An empty private plane creates some opportunity. But it also brings some risk.
Myth is reality. Legend says that you can find private jets that are flying empty — as in, without passengers — and book the plane for a great deal.
Commonly, a leg is empty if the plane is heading to pick up passengers and take them somewhere, or if it’s dropping off passengers and flying back home, empty. If you think that chartering an Embraer Legacy 600 (normally a 50-seat regional jet converted to 13 luxury seats for the private flying world) from Texas to Southern California for $14,800 instead of the retail rate of $39,000 is a good deal, then legend is reality.
We booked this flight, and others, though not all at that amazing discount. Empty legs are real, but they carry real risk. The risk is that the “live” leg — the trip that the originating passengers booked — may cancel. A large charter operator told us, “It will happen, and someone will get burned.” If you’ve booked the empty leg, as well as a hotel, business meeting, other logistics, and the originating flight cancels, there’s no empty-leg flight.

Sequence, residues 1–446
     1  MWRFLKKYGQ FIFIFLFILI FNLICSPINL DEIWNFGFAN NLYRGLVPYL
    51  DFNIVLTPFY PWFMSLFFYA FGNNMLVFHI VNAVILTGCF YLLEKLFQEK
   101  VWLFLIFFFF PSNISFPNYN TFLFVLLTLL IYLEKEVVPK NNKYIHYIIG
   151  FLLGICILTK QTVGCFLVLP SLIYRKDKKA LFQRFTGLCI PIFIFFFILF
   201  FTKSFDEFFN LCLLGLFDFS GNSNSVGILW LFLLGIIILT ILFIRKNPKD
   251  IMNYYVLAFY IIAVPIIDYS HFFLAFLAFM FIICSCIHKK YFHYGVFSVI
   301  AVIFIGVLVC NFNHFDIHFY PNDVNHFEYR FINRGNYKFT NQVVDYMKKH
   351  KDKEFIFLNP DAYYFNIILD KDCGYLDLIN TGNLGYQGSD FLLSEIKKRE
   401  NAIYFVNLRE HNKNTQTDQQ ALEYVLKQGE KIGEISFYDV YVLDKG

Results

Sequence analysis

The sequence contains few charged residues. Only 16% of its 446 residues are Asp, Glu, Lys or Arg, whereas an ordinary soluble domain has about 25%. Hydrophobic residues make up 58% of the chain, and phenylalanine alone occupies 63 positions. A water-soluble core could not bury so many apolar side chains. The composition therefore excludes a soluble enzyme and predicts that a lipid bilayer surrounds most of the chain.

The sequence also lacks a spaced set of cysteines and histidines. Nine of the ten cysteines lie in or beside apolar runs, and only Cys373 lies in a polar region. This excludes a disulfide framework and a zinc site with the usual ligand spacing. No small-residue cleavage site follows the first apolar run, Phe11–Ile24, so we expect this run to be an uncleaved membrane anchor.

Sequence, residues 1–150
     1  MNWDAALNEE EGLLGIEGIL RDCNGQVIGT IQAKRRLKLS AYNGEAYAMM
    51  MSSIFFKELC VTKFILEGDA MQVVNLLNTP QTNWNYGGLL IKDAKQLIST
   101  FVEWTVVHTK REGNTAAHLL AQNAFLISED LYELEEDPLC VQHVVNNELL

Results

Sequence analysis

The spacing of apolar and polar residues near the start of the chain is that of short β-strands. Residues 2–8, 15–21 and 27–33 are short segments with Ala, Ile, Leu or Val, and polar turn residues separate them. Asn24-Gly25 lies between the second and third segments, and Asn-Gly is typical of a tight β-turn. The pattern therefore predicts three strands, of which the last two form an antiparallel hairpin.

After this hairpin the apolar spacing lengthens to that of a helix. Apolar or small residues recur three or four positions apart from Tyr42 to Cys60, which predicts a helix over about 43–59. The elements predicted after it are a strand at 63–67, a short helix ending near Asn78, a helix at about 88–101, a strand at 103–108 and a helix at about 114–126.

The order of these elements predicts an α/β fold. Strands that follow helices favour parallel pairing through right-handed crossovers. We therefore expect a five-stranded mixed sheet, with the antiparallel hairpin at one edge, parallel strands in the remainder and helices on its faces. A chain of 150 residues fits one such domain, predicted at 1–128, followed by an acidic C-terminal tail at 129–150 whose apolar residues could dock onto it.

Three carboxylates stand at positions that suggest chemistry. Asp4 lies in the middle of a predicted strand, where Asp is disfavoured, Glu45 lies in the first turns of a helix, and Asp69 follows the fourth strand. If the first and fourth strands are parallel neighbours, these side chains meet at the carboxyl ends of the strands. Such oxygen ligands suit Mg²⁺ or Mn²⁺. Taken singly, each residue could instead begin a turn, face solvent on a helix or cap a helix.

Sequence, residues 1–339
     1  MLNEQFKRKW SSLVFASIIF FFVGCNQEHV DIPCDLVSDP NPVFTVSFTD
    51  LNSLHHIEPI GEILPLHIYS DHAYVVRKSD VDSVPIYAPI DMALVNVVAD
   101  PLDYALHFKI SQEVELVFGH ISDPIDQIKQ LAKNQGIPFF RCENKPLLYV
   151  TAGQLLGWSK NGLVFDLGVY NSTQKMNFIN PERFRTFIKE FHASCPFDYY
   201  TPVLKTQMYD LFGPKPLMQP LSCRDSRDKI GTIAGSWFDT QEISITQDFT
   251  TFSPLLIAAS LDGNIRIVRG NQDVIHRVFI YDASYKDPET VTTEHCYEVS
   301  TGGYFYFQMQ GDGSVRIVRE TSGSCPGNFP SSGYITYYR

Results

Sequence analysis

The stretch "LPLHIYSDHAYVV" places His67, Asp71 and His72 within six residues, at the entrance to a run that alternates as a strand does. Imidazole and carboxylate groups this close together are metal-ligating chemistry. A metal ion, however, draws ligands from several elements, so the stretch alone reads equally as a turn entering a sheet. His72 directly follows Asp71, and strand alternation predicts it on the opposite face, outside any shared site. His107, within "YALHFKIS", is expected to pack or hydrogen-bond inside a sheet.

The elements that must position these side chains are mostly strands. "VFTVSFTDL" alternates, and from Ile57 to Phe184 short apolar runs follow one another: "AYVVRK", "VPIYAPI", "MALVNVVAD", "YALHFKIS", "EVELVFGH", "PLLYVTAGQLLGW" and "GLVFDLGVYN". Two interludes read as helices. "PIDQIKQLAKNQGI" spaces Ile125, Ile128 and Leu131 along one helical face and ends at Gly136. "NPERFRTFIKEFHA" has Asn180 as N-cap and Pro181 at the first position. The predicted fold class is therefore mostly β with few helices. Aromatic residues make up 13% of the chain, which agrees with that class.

If your broker can’t scramble and find another empty leg, you now have to fly commercial (urghhh) or book another private flight, but at the going rate. You need flexibility. We have a client with two kids at out-of-state colleges and a home in Colorado, who loves to fish in Florida. He has a standing request: Keep your eyes open for empty legs to those destinations. If the price is right, he may book it.
This article first appeared on PaperCityMag.com .